Wes Craven, as writer and director, and Sean S. Cunningham, as producer, teamed in 1972 for a low budget genre film. Filmed largely in and around Cunningham’s Westport, Connecticut home (for budgetary reasons), with Wes Craven making his directorial debut and featuring a cast of largely unknowns — although the late Fred J. Lincoln, who played Fred “Weasel” Podowski, would go on to become one of the most prolific adult filmmakers in the history of cinema — The Last House on the Left has ultimately become what both fans and critics agree … a horror masterpiece!
Arrow Video, with domestic sales and distribution support from MVD Entertainment Group, has tabbed May 29 for the release of a double-disc Blu-ray special edition. A new 2K restoration (from the original film elements) features three separate cuts of the film — the original theatrical presentation of The Last House on the Left, an uncut presentation (roughly an additional two minutes in running time) and the British Krug & Company cut of the film (trims for censorship in the UK and a reordering of several scenes).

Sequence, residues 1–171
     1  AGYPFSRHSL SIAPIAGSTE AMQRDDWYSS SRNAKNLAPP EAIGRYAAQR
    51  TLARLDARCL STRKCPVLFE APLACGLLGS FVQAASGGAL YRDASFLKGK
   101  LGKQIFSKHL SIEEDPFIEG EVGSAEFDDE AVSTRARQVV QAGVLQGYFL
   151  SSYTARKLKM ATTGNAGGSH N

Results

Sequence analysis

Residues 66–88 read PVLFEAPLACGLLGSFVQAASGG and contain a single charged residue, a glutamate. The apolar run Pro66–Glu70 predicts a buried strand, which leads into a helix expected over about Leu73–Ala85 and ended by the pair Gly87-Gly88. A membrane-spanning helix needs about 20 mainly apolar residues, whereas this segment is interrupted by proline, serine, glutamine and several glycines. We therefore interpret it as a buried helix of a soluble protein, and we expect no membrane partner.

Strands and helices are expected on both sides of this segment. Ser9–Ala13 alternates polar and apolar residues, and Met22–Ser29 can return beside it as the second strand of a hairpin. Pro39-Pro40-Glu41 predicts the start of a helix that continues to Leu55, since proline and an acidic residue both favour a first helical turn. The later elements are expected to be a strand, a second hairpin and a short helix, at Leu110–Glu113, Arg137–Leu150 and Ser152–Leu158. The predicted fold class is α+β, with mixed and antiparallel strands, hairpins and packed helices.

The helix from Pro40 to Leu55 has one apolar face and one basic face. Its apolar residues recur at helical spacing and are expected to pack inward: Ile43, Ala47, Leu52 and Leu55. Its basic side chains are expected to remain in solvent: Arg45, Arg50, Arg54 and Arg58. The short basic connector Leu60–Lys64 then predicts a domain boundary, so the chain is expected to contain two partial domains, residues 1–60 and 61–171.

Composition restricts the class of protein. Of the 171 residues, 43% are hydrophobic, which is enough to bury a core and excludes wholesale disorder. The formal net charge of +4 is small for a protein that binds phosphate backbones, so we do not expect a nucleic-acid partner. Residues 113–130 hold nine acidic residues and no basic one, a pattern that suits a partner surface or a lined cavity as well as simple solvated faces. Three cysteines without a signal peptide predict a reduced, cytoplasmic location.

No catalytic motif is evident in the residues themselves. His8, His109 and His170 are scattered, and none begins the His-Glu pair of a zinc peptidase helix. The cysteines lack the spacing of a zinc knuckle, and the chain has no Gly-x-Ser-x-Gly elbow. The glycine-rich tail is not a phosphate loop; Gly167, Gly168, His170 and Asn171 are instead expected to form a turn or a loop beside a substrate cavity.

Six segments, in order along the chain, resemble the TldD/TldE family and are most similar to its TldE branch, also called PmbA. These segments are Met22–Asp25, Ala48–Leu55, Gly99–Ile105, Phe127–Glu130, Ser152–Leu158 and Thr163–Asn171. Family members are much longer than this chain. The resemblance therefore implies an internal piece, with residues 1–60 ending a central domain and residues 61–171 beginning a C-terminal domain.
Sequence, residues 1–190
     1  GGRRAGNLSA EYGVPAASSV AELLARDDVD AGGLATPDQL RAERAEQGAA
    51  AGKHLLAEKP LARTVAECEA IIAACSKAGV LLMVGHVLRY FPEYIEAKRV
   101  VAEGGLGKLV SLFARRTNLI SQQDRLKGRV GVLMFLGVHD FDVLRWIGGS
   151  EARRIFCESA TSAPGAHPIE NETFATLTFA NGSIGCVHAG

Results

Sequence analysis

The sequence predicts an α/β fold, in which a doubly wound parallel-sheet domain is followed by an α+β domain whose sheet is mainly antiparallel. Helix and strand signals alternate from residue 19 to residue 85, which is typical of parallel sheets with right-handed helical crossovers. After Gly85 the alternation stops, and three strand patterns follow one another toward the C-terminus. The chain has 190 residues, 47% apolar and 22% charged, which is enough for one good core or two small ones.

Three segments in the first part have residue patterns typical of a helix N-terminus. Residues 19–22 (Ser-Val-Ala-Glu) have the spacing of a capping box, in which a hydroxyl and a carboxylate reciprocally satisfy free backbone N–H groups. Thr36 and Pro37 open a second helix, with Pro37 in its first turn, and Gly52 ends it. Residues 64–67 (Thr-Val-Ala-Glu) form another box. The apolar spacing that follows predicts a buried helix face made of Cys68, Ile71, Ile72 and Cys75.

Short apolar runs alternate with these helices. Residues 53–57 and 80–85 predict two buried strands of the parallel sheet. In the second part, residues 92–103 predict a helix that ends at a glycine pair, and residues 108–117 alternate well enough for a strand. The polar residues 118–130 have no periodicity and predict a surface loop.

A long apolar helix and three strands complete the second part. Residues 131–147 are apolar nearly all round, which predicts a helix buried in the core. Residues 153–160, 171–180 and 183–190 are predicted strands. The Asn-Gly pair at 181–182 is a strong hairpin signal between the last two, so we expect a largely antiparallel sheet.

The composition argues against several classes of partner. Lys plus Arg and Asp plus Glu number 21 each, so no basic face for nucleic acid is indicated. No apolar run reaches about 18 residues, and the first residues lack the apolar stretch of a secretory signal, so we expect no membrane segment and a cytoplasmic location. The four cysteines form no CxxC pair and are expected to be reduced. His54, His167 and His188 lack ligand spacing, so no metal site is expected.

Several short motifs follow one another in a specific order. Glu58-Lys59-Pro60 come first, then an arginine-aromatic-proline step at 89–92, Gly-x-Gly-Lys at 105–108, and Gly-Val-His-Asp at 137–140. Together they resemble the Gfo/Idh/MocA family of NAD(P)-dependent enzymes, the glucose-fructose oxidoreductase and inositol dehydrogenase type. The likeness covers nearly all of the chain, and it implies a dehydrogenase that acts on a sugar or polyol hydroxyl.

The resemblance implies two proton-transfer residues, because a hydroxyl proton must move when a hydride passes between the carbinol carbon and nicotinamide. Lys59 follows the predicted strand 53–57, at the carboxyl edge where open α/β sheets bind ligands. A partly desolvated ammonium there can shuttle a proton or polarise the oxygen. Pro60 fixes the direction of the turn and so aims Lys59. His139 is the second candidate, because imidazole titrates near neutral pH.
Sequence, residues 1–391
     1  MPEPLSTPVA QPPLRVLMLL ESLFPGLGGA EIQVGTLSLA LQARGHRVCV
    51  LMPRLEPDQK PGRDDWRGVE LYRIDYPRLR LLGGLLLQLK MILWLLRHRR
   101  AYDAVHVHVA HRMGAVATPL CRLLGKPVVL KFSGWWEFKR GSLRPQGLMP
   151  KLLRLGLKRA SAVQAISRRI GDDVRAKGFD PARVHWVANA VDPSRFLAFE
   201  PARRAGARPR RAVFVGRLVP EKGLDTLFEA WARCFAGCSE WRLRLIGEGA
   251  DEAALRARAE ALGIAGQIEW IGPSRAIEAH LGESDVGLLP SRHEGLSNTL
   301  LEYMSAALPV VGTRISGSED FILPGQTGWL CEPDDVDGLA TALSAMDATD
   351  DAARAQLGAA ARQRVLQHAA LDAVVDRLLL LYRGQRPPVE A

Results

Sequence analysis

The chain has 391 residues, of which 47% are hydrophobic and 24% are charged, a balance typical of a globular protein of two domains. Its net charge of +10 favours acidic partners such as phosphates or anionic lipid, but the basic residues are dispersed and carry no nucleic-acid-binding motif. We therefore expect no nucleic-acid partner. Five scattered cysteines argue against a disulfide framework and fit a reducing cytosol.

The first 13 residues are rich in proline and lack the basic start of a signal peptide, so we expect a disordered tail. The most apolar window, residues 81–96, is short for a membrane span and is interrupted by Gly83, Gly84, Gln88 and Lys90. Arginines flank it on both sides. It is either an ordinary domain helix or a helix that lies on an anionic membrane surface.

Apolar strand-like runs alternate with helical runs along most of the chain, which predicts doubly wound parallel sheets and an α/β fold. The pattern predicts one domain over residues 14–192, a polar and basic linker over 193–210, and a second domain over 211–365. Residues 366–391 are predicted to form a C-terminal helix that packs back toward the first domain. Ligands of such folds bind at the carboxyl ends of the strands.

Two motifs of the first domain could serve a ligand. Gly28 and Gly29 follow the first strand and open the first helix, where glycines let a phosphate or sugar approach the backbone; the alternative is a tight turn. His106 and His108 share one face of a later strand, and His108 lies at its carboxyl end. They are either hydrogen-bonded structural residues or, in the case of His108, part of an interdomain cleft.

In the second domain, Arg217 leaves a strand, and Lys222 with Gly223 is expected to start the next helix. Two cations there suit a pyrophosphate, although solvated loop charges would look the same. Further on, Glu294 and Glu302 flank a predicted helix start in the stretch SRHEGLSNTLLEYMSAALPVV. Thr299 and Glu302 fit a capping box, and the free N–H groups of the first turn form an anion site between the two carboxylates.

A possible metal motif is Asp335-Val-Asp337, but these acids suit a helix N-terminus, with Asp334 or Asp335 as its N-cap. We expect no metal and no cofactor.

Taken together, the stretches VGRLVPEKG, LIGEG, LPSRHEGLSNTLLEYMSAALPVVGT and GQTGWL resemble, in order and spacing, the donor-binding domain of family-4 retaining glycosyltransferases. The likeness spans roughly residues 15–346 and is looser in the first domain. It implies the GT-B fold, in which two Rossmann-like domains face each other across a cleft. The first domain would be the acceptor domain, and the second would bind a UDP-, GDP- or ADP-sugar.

As to bonus goodies, which are numerous, the Uncut version of The Last House on the Left (Disc One) features two archival commentary tracks — one with writer/director Wes Craven and producer Sean S. Cunningham and the second with actors David Hess (as Krug Stillo), Marc Sheffler (as Junior) and Fred Lincoln (as Fred 'Weasel' Podowski) — plus there is a newly-minted commentary option with Bill Ackerman and Amanda Reyes.
Marc Sheffler is also featured in a new video session title “Junior’s Story,” wardrobe and make-up artist Anne Paul is featured in a newly minted video session, documentary filmmaker David Gregory’s 2003 film, Celluloid Crime of the Century, is included here as is the archival featurette title “Still Standing: The Legacy of The Last House on The Left.”
And more, much more on Disc One, including deleted scenes, outtakes and dailies … Disc Two (which includes the theatrical and UK cuts) has a newly-prepared featurette titled “The Craven Touch,” a video session with filmmaker Roy Frumkes and excerpts from Wes Craven’s unfinished short film, Tales That'll Tear Your Heart Out.